particle in certain period of time is driven by three

different directions that are: 1) follow its own way, 2)

go towards its personal best position, and 3) go

towards its global best position.

In general, the algorithm of PSO can be formally

defined as follow:

1. initialization of particles, their position and initial

velocity,

2. decode particles into problem solutions,

3. evaluate the quality of particles, based on their

corresponding objective functions,

4. update pbest value,

5. update gbest value,

6. update velocity and position for each particle, i.e.

based equations 1 and 2,

7. if the stopping criterion, i.e. maximum number of

iteration, is reached, stop. Otherwise return to

step 2.

Following this algorithm, the best problem solution

is represented by the global best at the end of

iteration. The details of PSO can be found in several

textbooks, among others are Kennedy and Eberhart

[12] and Clerc [5]. It is noted that this algorithm can

be applied on various types of problems by defining

how the particle represents the problem, which is

usually called the solution representation, and how

the particle can be translated into problem solution,

which is usually called the decoding method.

Therefore for applying PSO for TOPTW, we need to

define the solution representation and the decoding

method in the following subsections.

Solution Representation

Based on Ai et al. [4], the solution representation of

TOPTW with vertices is particle with dimen-

sions, in which each particles dimension corresponds

to each vertex, i.e. dimension 1 represents vertex 1,

dimension 2 represents vertex 2, and so on. Particle

position is assigned to be a real number and repre-

sents a priority of vertex on the decoding method.

The smaller the position of particle, the higher the

priority of the corresponding vertex. Later on the

decoding steps, each vertex is evaluated to be

inserted into the solution paths based on its priority.

Decoding Methods

The decoding method starts with the conversion of

particle position into priority of vertex. Then, the

vertex is evaluated for possibility to be inserted into

the paths, one by one according to the priority. The

solution of TOPTW is created when all the vertices

already evaluated. We are proposing two alterna-

tives of evaluation procedure. The first alternative is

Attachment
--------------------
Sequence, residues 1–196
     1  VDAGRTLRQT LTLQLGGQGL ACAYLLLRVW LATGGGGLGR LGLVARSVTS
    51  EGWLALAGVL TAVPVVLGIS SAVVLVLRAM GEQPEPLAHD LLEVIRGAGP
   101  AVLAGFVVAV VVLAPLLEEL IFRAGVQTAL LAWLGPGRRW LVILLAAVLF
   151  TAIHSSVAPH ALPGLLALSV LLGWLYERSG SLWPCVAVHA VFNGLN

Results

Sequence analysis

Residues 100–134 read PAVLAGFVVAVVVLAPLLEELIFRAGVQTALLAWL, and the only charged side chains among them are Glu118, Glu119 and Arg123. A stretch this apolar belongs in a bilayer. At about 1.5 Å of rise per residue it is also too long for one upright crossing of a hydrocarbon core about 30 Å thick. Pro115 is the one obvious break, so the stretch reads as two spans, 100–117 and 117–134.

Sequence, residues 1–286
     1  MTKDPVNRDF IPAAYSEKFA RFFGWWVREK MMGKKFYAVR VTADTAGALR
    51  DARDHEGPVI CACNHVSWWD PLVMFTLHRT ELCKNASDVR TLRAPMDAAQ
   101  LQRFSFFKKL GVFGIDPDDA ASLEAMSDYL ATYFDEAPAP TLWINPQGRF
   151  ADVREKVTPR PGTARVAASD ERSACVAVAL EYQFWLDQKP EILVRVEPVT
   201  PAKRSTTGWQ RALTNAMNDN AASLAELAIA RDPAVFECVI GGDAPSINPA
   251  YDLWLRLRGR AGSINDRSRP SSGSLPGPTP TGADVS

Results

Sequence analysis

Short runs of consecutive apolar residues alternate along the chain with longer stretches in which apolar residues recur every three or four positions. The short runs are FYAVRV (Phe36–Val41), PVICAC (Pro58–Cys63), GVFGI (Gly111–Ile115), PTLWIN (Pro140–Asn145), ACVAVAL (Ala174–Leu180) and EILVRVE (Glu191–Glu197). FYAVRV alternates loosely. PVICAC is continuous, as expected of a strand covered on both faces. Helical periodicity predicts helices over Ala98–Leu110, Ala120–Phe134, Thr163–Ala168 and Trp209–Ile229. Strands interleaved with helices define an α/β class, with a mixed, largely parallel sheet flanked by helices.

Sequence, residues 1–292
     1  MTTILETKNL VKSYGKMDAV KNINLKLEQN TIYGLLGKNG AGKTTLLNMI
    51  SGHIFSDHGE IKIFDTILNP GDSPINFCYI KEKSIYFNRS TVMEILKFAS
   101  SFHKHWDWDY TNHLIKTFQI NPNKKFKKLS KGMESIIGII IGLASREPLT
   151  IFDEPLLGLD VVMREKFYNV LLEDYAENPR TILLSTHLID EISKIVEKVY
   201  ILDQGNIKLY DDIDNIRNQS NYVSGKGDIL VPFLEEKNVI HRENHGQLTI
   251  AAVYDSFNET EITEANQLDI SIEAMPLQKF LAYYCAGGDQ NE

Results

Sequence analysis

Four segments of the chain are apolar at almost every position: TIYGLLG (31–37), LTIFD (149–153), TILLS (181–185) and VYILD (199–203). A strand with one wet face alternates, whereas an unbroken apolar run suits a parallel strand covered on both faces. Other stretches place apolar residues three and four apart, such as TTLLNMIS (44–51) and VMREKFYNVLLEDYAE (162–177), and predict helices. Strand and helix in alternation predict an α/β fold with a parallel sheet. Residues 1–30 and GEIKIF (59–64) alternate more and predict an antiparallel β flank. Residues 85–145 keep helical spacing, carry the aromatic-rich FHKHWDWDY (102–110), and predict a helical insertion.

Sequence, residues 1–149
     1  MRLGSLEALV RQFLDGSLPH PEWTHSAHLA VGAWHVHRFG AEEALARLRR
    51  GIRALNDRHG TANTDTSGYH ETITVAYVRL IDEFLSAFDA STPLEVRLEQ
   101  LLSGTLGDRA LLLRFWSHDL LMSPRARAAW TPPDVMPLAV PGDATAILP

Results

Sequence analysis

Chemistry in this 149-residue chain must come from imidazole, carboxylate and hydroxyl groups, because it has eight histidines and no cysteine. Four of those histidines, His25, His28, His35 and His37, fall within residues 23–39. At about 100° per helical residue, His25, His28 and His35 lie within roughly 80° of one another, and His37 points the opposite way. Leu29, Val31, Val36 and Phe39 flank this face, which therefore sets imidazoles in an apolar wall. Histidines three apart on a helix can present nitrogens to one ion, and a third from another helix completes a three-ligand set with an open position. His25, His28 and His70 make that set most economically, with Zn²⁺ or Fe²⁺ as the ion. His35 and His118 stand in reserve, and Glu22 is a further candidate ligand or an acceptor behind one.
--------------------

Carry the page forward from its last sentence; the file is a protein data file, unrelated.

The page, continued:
a simpler procedure, in which a vertex is evaluated

to be inserted in the last sequence of each path,

starting from the first path. If the insertion complies

with the vertexs time window and path duration

constraint, then the vertex is placed on the sequence.

Otherwise, the vertex is evaluated to be inserted to

the subsequent path. If the vertex cannot be inserted

to any available paths, it implies that the vertex is

decided not to be visited.

In the second alternative, a vertex is evaluated to be

inserted into all possible sequences in all existing

paths. Finally, the vertex is being inserted into a

sequence in certain path that satisfies all time

windows and total duration constraints and provides

the smallest additional time. Figures 2 and 3

illustrate the first and second evaluation procedure,

respectively. Later on PSO algorithm for TOPTW

with the first and second alternative of evaluation

procedures are called PSO_TOPTW1 and PSO_

TOPTW2, respectively.

Figure 1. Solution representation of TOPTW of 10 vertices

and its conversion to priority of vertex

Figure 2. The first evaluation procedure

dimension 1 2 3 4 5 6 7 8 9 10

position 0.52 2.69 1.03 0.15 1.94 3.17 1.29 3.67 0.76 2.38

sorted position 0.15 0.52 0.76 1.03 1.29 1.94 2.38 2.69 3.17 3.67

vertex no. 4 1 9 3 7 5 10 2 6 8

priority 1 2 3 4 5 6 7 8 9 10

priority 1 2 3 4 5 6 7 8 9 10

vertex no. 4 1 9 3 7 5 10 2 6 8

Path 1 0 4 1 0

Path 2 0 9 0

Jin Ai, et al. / Applying Particle Swarm Optimization for Solving Team Orienteering Problem/ JTI, Vol. 16, No. 1, Juni 2014, pp. 9 -16

12

Table 1. Starting service time of the illustrated path 1

Vertex 0 4 1 3 0

Starting service time 0 15 20 37 45

Earliest service time 0 0 15 0 0

Latest service time 100 20 45 30 100

Figure 3. The second evaluation procedure

Table 2. Feasibility checking and additional time evalua-

tion

Path Feasibility Additional Time

0 4 3 1 0 Yes 15

0 4 1 3 0 No

0 9 3 0 Yes 20

It is illustrated in Figure 2 for the first evaluation

procedure that at this step vertex number 3 is

evaluated to be inserted into the existing paths, in

which currently the first path is 0 4 1 0 and the

second path is 0 9 0. The evaluation starts from

the first path, in which the vertex number 3 is to be

inserted in the last sequence of this path, i.e. the

path become 0 4 1 3 0. The travel time

between vertex 1 and 3 is then considered to obtain

the actual starting service time at vertex 3 and total

travel time. Since the actual starting service time of

the first path is presented at Table 1, the emerging

path is not feasible as it violates the time windows

constraint of vertex 3. Therefore, the first path

remains the same and the evaluation of second path,

i.e. 0 9 3 0 is needed. If this evaluation satisfies

the time window and path duration constraint, then

the path 2 is updated. Otherwise, vertex number 3 is

decided not to be visited.

Figure 3 illustrates the second evaluation procedure

for the same step as the first one. At first, three

evaluations have to be evaluated, that are 0 4 3

1 0, 0 4 1 3 0, and 0 9 3 0, to identify all